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Here’s the deal with the Obamacare ‘bailout’

Explain the Obamacare 'bailout' to me as simply as possible.

The Obamacare "bailout" is a term that Republicans recently began using to describe three programs in the health-care law -- two temporary and one permanent --  that make it less financially risky for health insurance plans to sell on the new exchanges. Sometimes its also used to refer to one specific program in the health-care law known as 'risk corridors.'

What are risk corridors? Are they as boring as they sound?

Risk corridors limit both the amount of money that a health insurance plan can make -- and how much it can lose -- during the first three years it sells on the health insurance exchanges. Risk corridors tend to exist in the bowels of actuarial science rather than in New York Post op-eds but, since they're having a moment in the sun, we'll stop here to explain this very technical program in two paragraphs.

Some background is helpful here: Typically, insurance companies rely on their past experience to set prices; how many people got sick in 2013 can be a good proxy for estimating how many people will get sick in 2014. But when insurance companies went onto the exchanges, none of them had ever sold in the Obamacare marketplaces. They didn't have a 2013 to rely on, which made setting premiums a vexing task.

One way insurance companies could mitigate their risk was by setting premiums pretty high -- if you charge each person $800 per month, for example, to sign-up for your plan, you will probably cover the cost of claims. But the Obama administration was worried that such high prices would scare away consumers and enter the risk corridors, a program that reimburses insurance plans for claims that cost significantly more than premiums that new subscribers paid in.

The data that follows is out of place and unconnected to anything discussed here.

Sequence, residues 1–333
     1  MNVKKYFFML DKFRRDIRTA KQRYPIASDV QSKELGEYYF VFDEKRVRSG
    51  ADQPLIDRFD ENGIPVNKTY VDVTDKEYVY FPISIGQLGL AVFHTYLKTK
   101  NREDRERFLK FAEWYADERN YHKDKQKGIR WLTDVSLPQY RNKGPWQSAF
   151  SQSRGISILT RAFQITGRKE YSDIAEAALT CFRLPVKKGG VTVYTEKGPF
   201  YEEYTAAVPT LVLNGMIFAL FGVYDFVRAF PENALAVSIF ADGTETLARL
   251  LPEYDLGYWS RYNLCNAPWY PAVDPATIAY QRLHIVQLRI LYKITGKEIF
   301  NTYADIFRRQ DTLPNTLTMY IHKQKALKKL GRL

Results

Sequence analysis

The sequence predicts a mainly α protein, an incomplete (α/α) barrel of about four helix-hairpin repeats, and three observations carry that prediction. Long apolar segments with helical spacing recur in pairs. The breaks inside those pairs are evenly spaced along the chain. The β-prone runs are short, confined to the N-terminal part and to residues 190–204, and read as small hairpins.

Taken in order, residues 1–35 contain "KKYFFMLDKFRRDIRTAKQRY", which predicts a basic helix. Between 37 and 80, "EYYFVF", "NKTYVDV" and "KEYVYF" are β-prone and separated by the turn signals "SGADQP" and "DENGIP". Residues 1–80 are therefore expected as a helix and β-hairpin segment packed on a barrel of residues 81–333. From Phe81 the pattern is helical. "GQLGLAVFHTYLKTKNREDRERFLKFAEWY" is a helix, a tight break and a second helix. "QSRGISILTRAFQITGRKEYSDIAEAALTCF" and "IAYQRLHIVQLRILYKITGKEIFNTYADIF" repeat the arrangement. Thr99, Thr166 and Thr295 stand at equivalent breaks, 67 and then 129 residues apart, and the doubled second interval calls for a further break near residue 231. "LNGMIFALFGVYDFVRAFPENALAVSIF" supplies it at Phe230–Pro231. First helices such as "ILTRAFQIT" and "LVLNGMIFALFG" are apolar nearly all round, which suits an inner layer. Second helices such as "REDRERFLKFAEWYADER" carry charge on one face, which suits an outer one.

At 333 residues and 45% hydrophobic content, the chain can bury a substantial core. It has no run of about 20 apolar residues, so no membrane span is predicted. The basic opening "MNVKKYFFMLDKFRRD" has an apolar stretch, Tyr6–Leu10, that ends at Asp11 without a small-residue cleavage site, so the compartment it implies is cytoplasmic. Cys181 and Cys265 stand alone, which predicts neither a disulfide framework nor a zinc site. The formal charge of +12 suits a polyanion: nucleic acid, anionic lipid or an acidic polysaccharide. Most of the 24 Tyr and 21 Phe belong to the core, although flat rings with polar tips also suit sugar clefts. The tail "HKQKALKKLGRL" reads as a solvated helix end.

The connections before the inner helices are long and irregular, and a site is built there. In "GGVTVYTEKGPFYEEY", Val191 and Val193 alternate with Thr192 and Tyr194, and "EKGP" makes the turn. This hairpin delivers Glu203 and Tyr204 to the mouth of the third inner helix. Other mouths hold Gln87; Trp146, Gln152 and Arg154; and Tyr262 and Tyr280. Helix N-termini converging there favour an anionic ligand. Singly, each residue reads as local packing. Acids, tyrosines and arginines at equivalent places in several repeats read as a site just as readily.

What counts as "significantly" more? 

The risk corridor program kicks in when health insurers show that the claims their subscribers submit outpace premiums they paid in by more than 3 percent. So, if we take the World's Tiniest Insurance Company and say it received $100 in premiums (it is, after all, very tiny) but paid out $110 in claims, it would get help from other insurance plans paying for that $10 above and beyond the $100 paid in premiums -- but the government will not foot the whole bill.

For claim costs that are 3 to 8 percent higher than the amount paid in premiums, the federal government will reimburse half that amount. For costs that exceed 8 percent, insurers will be reimbursed 80 percent. So, if we stick with World's Tiniest Insurance Company example, this means the government would reimburse it $4.10: $2.50 for 50 percent of the 3 to 8 percent cost above the premium, which in this case was $5, and another $1.60 for 80 percent of remaining 2 percent, $2 in this example, in additional costs.

Could you put this in a chart?

We can't--but the American Academy of Actuaries can! This chart shows how the risk corridor program kicks in at different levels of claims paid out.

Where does the money to pay insurance companies come from?

Other insurance companies. All non-grandfathered plans are required to pay into a pot of money that's used to fund the risk corridor program. This means there's potential for insurers to lose money through the risk corridor program, which is what you see represented on the left side of the above chart. If an insurance company finds that their premiums way more than cover claims paid out - the technical definition of "way more" here is defined as claims cost at least 3 percent less  than premiums - then that health plan has to fork over some of that money into the risk corridor pool.

And this just goes on forever, each year?

No -- the health-care law's risk corridors are a temporary program that expires in 2016. By then, insurance plans should have enough experience with who is in their plans and the level of claims they submit in order to accurately price their insurance products.

So is this a bailout?

No, and you can read a great explanation of why here from Mike Konzcal.